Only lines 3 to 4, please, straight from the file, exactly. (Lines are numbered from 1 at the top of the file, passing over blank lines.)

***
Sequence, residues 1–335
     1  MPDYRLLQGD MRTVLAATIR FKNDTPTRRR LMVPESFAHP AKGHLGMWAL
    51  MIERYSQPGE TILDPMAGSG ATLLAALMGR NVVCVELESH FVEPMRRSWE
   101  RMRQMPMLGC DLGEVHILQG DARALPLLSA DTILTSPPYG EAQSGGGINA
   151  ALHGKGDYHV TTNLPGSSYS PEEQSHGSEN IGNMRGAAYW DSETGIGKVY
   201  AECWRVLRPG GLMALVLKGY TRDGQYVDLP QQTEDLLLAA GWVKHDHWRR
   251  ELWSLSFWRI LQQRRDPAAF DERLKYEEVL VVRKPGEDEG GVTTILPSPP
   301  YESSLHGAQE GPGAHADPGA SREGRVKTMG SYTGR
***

    51  MIERYSQPGE TILDPMAGSG ATLLAALMGR NVVCVELESH FVEPMRRSWE
   101  RMRQMPMLGC DLGEVHILQG DARALPLLSA DTILTSPPYG EAQSGGGINA